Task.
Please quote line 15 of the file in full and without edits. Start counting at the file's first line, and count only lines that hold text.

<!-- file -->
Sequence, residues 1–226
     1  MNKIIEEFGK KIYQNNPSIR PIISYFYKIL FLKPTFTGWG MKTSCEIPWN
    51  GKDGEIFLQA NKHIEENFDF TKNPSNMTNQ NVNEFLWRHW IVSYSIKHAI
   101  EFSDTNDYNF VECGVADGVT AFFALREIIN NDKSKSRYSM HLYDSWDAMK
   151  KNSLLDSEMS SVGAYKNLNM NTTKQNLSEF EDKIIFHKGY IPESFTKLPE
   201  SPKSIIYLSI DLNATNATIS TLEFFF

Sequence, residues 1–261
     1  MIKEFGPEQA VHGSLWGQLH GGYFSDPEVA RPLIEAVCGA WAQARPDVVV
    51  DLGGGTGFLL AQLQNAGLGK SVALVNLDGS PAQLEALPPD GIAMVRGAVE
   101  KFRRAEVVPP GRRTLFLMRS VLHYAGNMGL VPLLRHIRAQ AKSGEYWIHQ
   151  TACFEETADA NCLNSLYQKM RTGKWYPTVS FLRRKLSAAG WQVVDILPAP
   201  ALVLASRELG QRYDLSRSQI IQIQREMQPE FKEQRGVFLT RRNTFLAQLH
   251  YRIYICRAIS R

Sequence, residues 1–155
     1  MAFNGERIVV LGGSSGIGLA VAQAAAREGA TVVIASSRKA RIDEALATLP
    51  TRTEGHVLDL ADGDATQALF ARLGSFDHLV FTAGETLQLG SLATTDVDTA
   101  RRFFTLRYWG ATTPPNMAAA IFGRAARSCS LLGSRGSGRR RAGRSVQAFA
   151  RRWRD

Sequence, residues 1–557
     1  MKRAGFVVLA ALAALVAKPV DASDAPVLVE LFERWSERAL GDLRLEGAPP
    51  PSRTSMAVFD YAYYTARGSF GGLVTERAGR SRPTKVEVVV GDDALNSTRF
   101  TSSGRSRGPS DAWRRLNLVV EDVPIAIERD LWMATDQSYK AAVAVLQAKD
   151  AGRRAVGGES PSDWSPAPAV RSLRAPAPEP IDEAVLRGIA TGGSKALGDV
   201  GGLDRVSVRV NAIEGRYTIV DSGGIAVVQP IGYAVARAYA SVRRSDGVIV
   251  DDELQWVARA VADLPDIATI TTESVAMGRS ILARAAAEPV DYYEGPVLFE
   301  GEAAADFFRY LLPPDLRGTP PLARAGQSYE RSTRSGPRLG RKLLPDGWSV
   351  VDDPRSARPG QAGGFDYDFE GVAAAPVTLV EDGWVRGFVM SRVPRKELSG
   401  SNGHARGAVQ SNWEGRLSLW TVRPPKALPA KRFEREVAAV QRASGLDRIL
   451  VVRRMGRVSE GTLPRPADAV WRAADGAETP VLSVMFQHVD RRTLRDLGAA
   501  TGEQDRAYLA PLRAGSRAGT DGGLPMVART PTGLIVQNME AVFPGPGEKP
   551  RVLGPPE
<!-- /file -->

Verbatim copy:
     1  MAFNGERIVV LGGSSGIGLA VAQAAAREGA TVVIASSRKA RIDEALATLP